Stress In China’s Property Market A Risk To Local Government Financing Vehicles (LGFV)

 @moranzhang
on March 12 2014 2:35 PM
China property market
A potential buyer looks at a model of Riva, one of the latest developments by Sun Hung Kai Properties, in Hong Kong February 19, 2014. REUTERS/Bobby Yip

Multiple signs are pointing to stress in China’s real estate sector. The once widely held belief that home prices can only go up no longer applies, and banks are starting to suspend riskier lending to property developers, as they flee third - and fourth-tier cities, leaving behind a trail of unfinished apartment buildings to cut their losses.

Yu Xuejun, the head of Jiangsu province's banking supervision bureau, warned Tuesday against risks in the property market and the spillover effect of such risks to local government financing vehicles (LGFVs). Nomura’s Zhiwei Zhang pointed out in a note that Yu believes the boom in the property sector may be close to its end.

Yu told the Chinese-language newspaper Economic Information Daily that he expects “more significant divergence among property markets of different cities,” adding that “a small number of cities may maintain relatively high property price, but property bubbles in third - and fourth-tier cities cannot sustain.”

“Credit defaults will definitely happen,” Yu said. “It’s just a matter of timing, scale, and how big the impact is.”

He pointed out that once the cash flows of many small property developers, especially in third - and fourth-tier cities, become problematic, risks will emerge.

Since the late 1990s, local governments have been creating financing vehicles backed by land revenues and public assets to borrow money from banks or institutional investors for funding costly infrastructure and real estate development projects.

While owned by the local government, these financing vehicles can raise funds through the more traditional methods of taking bank loans, issuing bonds, and via equity market initial public offerings, as well as via shadow banking activities such as trust loans.

If property developers run into cash flow problems, not only will they stop buying land, which is a major source of revenue for local governments, they cause the souring of LGFV debt.

Property Trusts Facing Default Risk

China’s property trusts must repay 634 billion yuan of debt this year, up 50 percent from 2013, according to estimates from Haitong Securities Co., the nation’s second-biggest brokerage. To put things into context, that’s the equivalent of the size of Puerto Rico’s economy.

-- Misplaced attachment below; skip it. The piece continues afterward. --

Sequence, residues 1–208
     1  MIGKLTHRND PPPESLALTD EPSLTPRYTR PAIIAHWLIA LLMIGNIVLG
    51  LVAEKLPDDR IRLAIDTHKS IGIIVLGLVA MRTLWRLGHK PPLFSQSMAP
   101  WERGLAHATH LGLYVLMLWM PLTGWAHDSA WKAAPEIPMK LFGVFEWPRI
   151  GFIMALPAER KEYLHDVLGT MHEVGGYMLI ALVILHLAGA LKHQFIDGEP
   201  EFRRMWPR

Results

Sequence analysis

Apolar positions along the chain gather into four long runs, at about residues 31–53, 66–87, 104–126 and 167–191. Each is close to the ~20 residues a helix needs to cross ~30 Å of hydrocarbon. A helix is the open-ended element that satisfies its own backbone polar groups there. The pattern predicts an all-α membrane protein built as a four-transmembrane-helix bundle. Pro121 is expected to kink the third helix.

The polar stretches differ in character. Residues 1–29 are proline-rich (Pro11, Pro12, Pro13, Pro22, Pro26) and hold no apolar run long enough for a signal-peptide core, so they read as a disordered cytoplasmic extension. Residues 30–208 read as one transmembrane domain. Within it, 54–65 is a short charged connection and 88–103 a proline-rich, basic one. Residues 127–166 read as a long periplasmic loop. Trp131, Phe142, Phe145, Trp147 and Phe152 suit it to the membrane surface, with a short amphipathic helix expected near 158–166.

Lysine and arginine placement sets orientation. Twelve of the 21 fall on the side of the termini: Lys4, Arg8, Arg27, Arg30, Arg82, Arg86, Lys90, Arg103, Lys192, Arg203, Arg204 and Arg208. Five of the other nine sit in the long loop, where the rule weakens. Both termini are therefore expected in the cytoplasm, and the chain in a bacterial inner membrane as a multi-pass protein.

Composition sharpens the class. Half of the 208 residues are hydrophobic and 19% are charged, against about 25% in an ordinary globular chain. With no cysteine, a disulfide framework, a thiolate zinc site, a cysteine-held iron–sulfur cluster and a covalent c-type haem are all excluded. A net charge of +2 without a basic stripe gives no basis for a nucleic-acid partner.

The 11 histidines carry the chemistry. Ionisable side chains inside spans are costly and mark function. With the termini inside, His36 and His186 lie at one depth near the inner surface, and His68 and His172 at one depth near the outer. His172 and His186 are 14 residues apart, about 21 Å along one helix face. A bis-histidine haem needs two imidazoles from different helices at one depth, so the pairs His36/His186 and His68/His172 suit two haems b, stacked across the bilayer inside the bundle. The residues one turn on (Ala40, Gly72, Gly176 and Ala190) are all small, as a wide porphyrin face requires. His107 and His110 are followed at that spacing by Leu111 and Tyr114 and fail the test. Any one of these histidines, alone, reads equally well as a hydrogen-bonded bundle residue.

China's trust companies provided more than 10 times as much new funding to the property sector in the last three months of 2013 as they did a year earlier, data from the China Trustee Association, a government-backed industry group, showed. Trusts issued 139.5 billion yuan worth of net new funding to the property sector, up from only 11.6 billion yuan a year earlier.

According to China's central bank, net new bank loans to property developers in the fourth quarter of 2013 came to only 80 billion yuan, a bit less than 60 percent of the amount of trust financing. This is the first time since mid-2011 that financing provided by trust companies to property developers exceeded that made available by banks.

As the economy slows and real estate prices fall in some regions, there is an increasing likelihood that some developers that borrowed from these property trusts won’t be able to repay their debt, which in turn makes it harder for the trusts to meet their obligations to investors.

The first wave of defaults was linked to the struggling coal mining industry. In the past few months, at least two different trust companies have notified investors about defaults by borrowers. “The second wave of defaults may be in property trust products,” said David Cui, China strategist at Bank of America Merrill Lynch.

Data from the National Bureau of Statistics showed that the growth of house prices in 70 major Chinese cities slowed for the first time in 14 months in January, with prices in five cities, including Wenzhou and Hangzhou, seeing a month-on-month decline.

Local media reported that some real estate developers lowered prices in east China's Hangzhou and Changzhou cities and a commercial bank's decision to halt some property financing business. The moves triggered protests from customers who had bought apartments before the price cuts.

Industrial Bank Co., Ltd. (SHA:601166) said in a statement on Feb. 24 that it had halted some types of loans to property developers until the end of March and tightened lending to real estate-related industries, including steel and cement, Shanghai Securities News reported.

Pace Of Urbanization To Slow

In addition, the pace of China's urbanization is set to slow and its contribution to economic growth is set to decline.

“While urbanization has undoubtedly served as a pillar of growth in the past, we believe it may become a source of future volatility and risk,” Nomura’s Zhang said.

The rate of urbanization in China has already showed signs of significant slowdown in recent years. In 2013, the urbanization ratio, measured as the urban population’s share of the total population, rose by only 1.16 percentage points. That’s the slowest since 1996, except for 2008, when the global financial crisis hit China.

Growth of the urban population has also fallen in the last three years, to 2.7 percent in 2013 from 3.9 percent in 2010, having averaged 4.0 percent from 2000 to 2010. Nomura economists believe urbanization is set to slow further.

“We continue to view the property sector overinvestment as the top risk for China's economy for 2014 and 2015,” Nomura’s Zhang said. “The slowdown of the urbanization process exacerbates this risk.”

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